Week 5: 2

I’m thinking of middle school level and about 2 days duration for the following lesson.

Lesson on Graphing and Misleading Graphs

Graphing of data is often used to visually show trends in the data.  In this activity, you will learn about what makes a good graph, and what makes a graph misleading.  You will learn to identify several types of misleading graphs.  You will have an opportunity to find data on your own and use it to create a well made graph and a misleading graph.

Introduction: Some basic types of graphs
The graphs we will be working with will be of data with two variables, an independent (free) variable (often time) and a dependent variable whose value changes depends on the free variable.  By practice, the free variable is put on the x-axis increasing from left to right.  This makes it possible to visually read trends in the data by glancing from left to right.

Line Graphs
Some of the strengths of line graphs are that:
They are good at showing specific values of data: Given one variable the other can easily be determined.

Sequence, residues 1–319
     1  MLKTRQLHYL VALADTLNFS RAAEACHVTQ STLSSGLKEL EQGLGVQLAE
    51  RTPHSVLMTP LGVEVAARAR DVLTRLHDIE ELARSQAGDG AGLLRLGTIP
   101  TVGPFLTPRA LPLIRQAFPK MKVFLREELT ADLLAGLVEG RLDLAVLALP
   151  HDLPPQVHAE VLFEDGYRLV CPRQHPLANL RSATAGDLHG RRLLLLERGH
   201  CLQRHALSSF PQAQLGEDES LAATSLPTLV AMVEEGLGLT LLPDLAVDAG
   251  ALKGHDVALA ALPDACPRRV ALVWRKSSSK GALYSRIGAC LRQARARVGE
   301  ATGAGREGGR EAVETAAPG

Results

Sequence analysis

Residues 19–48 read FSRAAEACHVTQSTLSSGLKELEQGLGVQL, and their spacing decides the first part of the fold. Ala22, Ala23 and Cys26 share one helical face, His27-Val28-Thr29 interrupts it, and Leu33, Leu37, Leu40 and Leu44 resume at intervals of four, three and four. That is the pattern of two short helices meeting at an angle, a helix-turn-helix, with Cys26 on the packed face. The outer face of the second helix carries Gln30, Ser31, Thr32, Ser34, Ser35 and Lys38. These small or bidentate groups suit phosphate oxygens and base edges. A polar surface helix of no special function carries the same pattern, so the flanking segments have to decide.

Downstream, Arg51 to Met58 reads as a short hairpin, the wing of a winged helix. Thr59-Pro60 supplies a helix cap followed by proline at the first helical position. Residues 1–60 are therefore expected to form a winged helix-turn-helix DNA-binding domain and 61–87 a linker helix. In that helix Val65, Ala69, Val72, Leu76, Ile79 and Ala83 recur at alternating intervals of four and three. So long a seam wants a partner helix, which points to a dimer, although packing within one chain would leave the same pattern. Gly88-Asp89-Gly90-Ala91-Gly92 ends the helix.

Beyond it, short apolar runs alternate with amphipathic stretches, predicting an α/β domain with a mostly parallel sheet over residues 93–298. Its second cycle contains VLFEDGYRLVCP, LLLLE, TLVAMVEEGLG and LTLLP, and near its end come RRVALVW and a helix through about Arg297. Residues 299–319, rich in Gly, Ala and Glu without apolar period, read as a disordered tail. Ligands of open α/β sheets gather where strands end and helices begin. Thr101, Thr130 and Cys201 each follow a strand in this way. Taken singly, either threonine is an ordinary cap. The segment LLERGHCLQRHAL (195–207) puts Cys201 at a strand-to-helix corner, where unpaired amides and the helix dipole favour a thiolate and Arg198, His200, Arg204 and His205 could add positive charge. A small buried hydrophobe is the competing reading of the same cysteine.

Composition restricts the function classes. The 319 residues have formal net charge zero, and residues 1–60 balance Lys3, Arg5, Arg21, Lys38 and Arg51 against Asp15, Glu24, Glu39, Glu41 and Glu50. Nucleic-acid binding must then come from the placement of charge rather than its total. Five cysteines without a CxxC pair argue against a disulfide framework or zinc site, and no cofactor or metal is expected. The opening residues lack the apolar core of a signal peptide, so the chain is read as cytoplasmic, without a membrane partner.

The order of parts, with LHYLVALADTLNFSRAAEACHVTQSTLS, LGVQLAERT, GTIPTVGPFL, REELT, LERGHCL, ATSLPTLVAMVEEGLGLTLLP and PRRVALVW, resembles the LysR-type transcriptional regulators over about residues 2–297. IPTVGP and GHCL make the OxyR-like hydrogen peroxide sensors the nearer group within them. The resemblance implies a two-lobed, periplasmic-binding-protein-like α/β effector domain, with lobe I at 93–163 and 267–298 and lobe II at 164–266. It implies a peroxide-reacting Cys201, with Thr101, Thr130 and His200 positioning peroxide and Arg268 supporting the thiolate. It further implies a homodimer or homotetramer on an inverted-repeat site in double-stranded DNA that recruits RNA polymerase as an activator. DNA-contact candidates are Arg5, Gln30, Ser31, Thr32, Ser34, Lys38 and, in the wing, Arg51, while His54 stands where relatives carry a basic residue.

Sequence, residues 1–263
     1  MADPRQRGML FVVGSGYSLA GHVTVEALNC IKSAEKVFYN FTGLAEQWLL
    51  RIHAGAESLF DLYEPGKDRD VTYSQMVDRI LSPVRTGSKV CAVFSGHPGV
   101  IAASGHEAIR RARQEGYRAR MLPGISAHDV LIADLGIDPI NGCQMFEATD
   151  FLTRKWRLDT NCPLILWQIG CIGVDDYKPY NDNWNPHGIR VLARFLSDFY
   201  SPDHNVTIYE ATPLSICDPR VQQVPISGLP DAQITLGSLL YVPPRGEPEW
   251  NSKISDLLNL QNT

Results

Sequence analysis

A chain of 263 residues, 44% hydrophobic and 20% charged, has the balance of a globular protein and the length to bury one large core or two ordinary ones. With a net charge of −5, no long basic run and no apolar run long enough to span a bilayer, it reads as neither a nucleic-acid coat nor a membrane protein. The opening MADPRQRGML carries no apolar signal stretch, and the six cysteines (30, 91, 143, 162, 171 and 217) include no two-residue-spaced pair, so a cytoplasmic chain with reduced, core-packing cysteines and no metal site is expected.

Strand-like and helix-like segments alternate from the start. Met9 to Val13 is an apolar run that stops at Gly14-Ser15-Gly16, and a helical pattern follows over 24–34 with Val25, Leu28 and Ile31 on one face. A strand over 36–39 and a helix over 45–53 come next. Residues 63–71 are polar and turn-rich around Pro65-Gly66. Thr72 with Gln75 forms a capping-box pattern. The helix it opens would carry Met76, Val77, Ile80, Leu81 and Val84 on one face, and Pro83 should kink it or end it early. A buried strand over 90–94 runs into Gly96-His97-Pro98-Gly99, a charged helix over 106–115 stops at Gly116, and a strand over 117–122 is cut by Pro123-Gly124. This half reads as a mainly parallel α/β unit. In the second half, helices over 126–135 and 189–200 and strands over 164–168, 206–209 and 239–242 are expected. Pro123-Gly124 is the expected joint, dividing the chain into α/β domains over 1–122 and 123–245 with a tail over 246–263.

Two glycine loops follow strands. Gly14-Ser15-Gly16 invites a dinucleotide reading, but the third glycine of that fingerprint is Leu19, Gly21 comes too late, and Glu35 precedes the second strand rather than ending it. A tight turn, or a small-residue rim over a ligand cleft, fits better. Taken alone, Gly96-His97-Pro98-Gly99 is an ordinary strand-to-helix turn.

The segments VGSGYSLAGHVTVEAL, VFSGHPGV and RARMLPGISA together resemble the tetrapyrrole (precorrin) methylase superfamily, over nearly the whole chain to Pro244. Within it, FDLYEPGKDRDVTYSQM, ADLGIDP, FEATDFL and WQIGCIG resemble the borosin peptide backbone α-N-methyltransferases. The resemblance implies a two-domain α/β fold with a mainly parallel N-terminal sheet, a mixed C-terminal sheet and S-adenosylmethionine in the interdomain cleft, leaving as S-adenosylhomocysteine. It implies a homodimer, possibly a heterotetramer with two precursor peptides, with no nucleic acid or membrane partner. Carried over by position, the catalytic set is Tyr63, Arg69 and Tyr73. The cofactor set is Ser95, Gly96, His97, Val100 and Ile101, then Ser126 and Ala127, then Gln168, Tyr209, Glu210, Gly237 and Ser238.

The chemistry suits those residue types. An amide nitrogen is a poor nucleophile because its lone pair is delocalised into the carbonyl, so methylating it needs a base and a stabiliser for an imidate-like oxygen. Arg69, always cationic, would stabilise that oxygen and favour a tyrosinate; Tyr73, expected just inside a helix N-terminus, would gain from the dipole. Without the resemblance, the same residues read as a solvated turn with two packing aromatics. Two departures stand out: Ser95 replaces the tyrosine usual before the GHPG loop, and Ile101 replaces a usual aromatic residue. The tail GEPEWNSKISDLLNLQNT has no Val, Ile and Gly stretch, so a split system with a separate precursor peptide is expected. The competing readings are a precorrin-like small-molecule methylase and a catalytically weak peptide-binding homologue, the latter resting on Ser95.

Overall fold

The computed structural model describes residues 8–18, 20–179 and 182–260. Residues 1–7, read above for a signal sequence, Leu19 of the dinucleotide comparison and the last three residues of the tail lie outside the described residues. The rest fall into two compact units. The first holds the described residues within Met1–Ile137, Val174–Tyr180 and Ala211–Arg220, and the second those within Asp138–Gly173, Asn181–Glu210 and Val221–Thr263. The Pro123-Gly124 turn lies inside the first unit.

They show trends in data clearly: They visibly show how one variable is affected by the other as it increases or decreases.

They enable the viewer to make predictions about the results of data not yet recorded.

Unfortunately, it is possible to alter the way a line graph appears to make data look a certain way. This is done by either not using consistent scales on the axes, meaning that the value in between each point along the axis may not be the same, or when comparing two graphs using different scales for each. It is important that we all be aware of how graphs can be made to look a certain way, when that might not be the way the data really is.

Let’s take a look at an example.  Here are two graphs of the same data, about the hourly minimum wage.  The first example is not well made, because the free variable is not scaled in a constant way.  The second graph fixes this problem

1. What was the minimum wage in January, 1978?
2. When did the minimum wage reach $3.35?
3. Between what time periods was the largest increase in minimum wage?
4. Based on your observations of the graph, make a prediction about what the wage might be in the year 2000.